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http://dx.doi.org/10.3389/fneur.2018.00464DOI Listing
http://www.ncbi.nlm.nih.gov/pmc/articles/PMC6013725PMC
June 2018

Increased subjective experience of non-target emotions in patients with frontotemporal dementia and Alzheimer's disease.

Curr Opin Behav Sci 2017 Jun 7;15:77-84. Epub 2017 Jun 7.

Institute of Personality and Social Research, University of California, Berkeley, CA 94720-5050, United States.

Although laboratory procedures are designed to produce specific emotions, participants often experience mixed emotions (i.e., target and non-target emotions). We examined non-target emotions in patients with frontotemporal dementia (FTD), Alzheimer's disease (AD), other neurodegenerative diseases, and healthy controls. Participants watched film clips designed to produce three target emotions. Subjective experience of non-target emotions was assessed and emotional facial expressions were coded. Compared to patients with other neurodegenerative diseases and healthy controls, FTD patients reported more positive and negative non-target emotions, whereas AD patients reported more positive non-target emotions. There were no group differences in facial expressions of non-target emotions. We interpret these findings as reflecting deficits in processing interoceptive and contextual information resulting from neurodegeneration in brain regions critical for creating subjective emotional experience.
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http://dx.doi.org/10.1016/j.cobeha.2017.05.017DOI Listing
http://www.ncbi.nlm.nih.gov/pmc/articles/PMC5810592PMC
June 2017

Genuine Smiles by Patients During Marital Interactions are Associated with Better Caregiver Mental Health.

J Gerontol B Psychol Sci Soc Sci 2019 08;74(6):975-987

Department of Psychology, University of California, Berkeley.

Objective: Providing care for a spouse with dementia is associated with an increased risk for poor mental health. To determine whether this vulnerability in caregivers is related to the expression of positive emotion, we examined 57 patients with Alzheimer's disease and behavioral variant frontotemporal dementia and their spouses as they discussed a marital conflict.

Method: Facial behavior during the discussion was objectively coded to identify Duchenne (i.e., genuine) smiles and non-Duchenne (i.e., polite) smiles. Caregiver mental health was measured using the Medical Outcomes Survey.

Results: Greater expression of Duchenne smiles by patients was associated with better caregiver mental health, even when accounting for covariates (i.e., diagnosis, patient cognitive functioning, and caregiver marital satisfaction). Greater expression of non-Duchenne smiles by patients was associated with worse caregiver health, but only when covariates were entered in the model. Expression of Duchenne and non-Duchenne smiles by caregivers was not associated with caregiver mental health.

Discussion: Patients' expression of Duchenne and non-Duchenne smiles may reveal important aspects of the emotional quality of the patient-caregiver relationship that influence caregiver burden and mental health.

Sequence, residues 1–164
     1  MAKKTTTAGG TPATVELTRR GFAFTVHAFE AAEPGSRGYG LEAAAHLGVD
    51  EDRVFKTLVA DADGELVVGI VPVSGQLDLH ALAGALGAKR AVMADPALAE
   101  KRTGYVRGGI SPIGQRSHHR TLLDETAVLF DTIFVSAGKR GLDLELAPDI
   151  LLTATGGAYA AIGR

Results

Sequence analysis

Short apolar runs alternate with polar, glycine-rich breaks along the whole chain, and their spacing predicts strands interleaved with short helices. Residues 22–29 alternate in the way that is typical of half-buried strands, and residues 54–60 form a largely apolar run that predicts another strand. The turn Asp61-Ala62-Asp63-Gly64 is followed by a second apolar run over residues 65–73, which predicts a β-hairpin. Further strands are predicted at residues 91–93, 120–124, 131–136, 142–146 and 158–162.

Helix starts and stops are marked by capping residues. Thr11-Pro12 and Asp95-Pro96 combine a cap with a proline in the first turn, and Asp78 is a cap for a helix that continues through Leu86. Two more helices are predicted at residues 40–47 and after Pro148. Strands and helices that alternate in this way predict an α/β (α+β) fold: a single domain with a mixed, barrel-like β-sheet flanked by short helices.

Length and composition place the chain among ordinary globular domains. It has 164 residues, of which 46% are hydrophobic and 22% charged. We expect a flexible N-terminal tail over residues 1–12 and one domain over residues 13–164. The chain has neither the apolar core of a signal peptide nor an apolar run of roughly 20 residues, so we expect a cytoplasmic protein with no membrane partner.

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http://dx.doi.org/10.1093/geronb/gbx157DOI Listing
http://www.ncbi.nlm.nih.gov/pmc/articles/PMC6941495PMC
August 2019

Empathic Accuracy Deficits in Patients with Neurodegenerative Disease: Association with Caregiver Depression.

Am J Geriatr Psychiatry 2018 04 27;26(4):484-493. Epub 2017 Dec 27.

Department of Psychology, University of California, Berkeley, CA. Electronic address:

Objectives: To investigate whether deficits in empathic accuracy (i.e., ability to recognize emotion in others) in patients with neurodegenerative disease are associated with greater depression in their caregivers.

Design: Two cross-sectional studies.

Setting: Academic medical center and research university.

Participants: Two independent samples (N = 172, N = 63) of patients with a variety of neurodegenerative diseases and their caregivers; comparison group of healthy couples.

Measurement: Patients' empathic accuracy was assessed in the laboratory using a novel dynamic tracking task (rating another person's changing emotions over time) and more traditional measures (recognizing the emotion expressed in photographs of facial expressions and by characters in films). Caregivers completed self-report inventories of depression.

Results: Lower empathic accuracy in patients was associated with greater depression in caregivers in both studies. In study 1, this association was found when empathic accuracy was measured using the dynamic tracking measure but not when measured using the more traditional photograph and film measures. In study 2, we found preliminary support for our theoretical model wherein lower empathic accuracy in patients is associated with increased caregiver stress (loneliness, strain, and burden), which in turn is associated with greater caregiver depression.

Conclusions: Caring for a patient with deficits in empathic accuracy is associated with greater loneliness, strain, and burden for caregivers, and increased depression. Caregivers may benefit from interventions designed to compensate for the stress and interpersonal loss associated with patients' declining empathic accuracy.
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http://dx.doi.org/10.1016/j.jagp.2017.10.012DOI Listing
http://www.ncbi.nlm.nih.gov/pmc/articles/PMC5860967PMC
April 2018

Greater Experience of Negative Non-Target Emotions by Patients with Neurodegenerative Diseases Is Related to Lower Emotional Well-Being in Caregivers.

Dement Geriatr Cogn Disord 2017 8;44(5-6):245-255. Epub 2017 Dec 8.

Institute of Personality and Social Research, University of California, Berkeley, CA, USA.